Ambivalent Europeans examines the implications of living on the fringes of Europe. In Malta, public debate is dominated by the question of Europe, both at a policy level - whether or not to join the EU - and at the level of national identity - whether or not the Maltese are 'European'. Jon Mitchell identifies a profound ambivalence towards Europe, and also more broadly to the key processes of 'modernisation'. He traces this tendency through a number of key areas of social life - gender, the family, community, politics, religion and ritual.
In The Land of Weddings and Rain, Gediminas Lankauskas examines the components of the contemporary urban wedding – religious and civil ceremonies, “traditional” imagery and practices, and the conspicuous consumption of domestic and imported goods – in the context of the Western-style modernization of post-socialist Lithuania. Studying the tensions between “tradition” and “modernity” that surround this important ritual event, Lankauskas highlights the ways in which nationalism serves to negotiate the impact of modernity in the aftermath of state socialism’s collapse. His analysis also shows the importance of consumption and commodification to Lithuania’s ongoing “Westernization.” Based on more than a decade of ethnographic research, The Land of Weddings and Rain is a fascinating account of the tensions – between national and transnational, East and West, and old and new – that shape life in post-socialist Eastern Europe.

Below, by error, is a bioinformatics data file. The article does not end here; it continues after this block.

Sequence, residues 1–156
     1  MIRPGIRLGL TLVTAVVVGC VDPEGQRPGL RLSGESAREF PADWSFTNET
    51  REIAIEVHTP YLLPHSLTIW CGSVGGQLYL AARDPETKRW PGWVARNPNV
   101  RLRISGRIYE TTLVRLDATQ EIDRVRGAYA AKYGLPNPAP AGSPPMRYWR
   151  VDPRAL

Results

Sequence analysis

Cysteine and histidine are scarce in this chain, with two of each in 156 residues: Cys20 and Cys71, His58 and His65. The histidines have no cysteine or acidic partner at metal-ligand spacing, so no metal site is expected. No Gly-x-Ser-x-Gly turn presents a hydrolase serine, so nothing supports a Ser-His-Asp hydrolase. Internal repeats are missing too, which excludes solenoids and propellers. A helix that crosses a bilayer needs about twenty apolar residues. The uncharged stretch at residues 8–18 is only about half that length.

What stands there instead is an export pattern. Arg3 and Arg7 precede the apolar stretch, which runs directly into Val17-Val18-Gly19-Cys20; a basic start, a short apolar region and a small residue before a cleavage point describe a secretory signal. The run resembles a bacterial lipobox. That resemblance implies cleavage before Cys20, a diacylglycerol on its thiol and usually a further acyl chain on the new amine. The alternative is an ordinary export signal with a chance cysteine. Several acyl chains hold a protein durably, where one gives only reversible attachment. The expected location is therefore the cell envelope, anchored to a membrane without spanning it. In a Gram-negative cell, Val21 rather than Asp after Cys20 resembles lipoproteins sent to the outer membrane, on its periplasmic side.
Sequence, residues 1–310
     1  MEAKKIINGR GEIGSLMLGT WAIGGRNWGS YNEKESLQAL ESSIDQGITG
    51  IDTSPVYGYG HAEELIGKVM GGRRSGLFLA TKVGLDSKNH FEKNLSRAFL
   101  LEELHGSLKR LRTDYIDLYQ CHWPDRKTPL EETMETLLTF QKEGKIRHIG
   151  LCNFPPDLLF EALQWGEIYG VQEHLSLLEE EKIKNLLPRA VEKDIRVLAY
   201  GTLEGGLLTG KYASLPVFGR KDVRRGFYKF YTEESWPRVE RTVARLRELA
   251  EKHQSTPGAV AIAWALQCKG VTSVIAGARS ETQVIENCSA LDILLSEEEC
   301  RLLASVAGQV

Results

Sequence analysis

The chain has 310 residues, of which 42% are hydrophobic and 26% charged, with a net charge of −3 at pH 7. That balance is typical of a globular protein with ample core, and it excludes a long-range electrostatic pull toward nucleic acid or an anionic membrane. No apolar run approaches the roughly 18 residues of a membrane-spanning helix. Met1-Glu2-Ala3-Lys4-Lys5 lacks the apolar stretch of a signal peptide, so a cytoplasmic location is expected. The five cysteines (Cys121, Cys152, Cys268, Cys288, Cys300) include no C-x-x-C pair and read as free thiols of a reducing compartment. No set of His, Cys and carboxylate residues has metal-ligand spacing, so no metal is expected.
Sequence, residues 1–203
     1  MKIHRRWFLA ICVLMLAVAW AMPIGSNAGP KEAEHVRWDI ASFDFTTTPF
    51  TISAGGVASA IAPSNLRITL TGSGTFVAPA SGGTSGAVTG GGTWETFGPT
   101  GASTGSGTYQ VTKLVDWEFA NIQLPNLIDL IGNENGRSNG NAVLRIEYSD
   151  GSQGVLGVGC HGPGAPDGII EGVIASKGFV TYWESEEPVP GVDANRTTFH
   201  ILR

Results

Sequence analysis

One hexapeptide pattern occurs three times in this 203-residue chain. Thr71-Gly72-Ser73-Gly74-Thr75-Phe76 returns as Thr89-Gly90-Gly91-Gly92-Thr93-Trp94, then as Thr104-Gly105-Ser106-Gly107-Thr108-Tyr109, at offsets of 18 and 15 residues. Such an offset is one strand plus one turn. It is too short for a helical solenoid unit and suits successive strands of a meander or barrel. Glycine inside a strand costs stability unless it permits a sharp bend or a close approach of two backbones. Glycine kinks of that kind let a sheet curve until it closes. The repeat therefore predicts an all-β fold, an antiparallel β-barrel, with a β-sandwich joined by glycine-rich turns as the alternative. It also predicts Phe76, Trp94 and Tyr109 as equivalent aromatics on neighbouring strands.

Although anthropology has expanded greatly over time in terms of the diversity of topics in which its practitioners engage, many of the broad themes and topics at the heart of anthropological thought remain perennially vital, such as understanding order and change, diversity and continuity, and conflict and co-operation in the reproduction of social life. Bringing together leading scholars in the field, the contributors to this volume provide us with thoughtful and fruitful ways of thinking about a number of contemporary and long-standing arenas of work where both established and more recent researchers are engaged.
The history of anthropology has great relevance for current debates within the discipline, offering a foundation from which the professionalisation of anthropology can evolve. The authors explore key issues in the history of social and cultural anthropological approaches in Germany, Great Britain, France, The Netherlands, Sweden, Poland, Slovenia and Romania, as well as the influence of Spanish anthropologists in Mexico to provide a comprehensive overview of European anthropological traditions.
People have long been fascinated about times in human history when different cultures and societies first came into con�tact with each other, how they reacted to that contact, and why it sometimes oc�curred peacefully and at other times was violent or catastrophic. Studies in Culture Contact: Interaction, Culture Change, and Archaeology, edited by James G. Cusick, seeks to define the role of culture contact in human history, to identify issues in the study of culture contact in archaeology, and to provide a critical overview of the major theoretical approaches to the study of culture and contact. Contributors consider three forms of culture contact--colonization, cultural en�tanglement, and symmetrical exchange. Part I provides a critical overview of theo�retical approaches to the study of culture contact, while Part II contains eleven case studies of specific contact situations and their relationships to the archaeological record. Studies in Culture Contact pro�vides an extensive review of the history of culture contact in anthropological stud�ies and develops a broad framework for studying culture contact's role, moving beyond a simple formulation of contact and change to a more complex under�standing of the amalgam of change and continuity in contact situations.